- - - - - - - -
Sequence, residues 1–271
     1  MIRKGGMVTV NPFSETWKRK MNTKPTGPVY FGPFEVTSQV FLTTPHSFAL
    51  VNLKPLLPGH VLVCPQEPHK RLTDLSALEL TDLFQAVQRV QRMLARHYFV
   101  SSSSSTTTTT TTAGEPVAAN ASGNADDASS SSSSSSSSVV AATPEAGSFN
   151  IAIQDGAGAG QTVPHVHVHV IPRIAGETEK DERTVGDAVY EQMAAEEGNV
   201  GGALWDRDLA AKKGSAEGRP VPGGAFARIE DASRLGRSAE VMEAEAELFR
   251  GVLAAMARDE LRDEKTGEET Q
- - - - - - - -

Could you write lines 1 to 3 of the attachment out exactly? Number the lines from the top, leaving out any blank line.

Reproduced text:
Sequence, residues 1–271
     1  MIRKGGMVTV NPFSETWKRK MNTKPTGPVY FGPFEVTSQV FLTTPHSFAL
    51  VNLKPLLPGH VLVCPQEPHK RLTDLSALEL TDLFQAVQRV QRMLARHYFV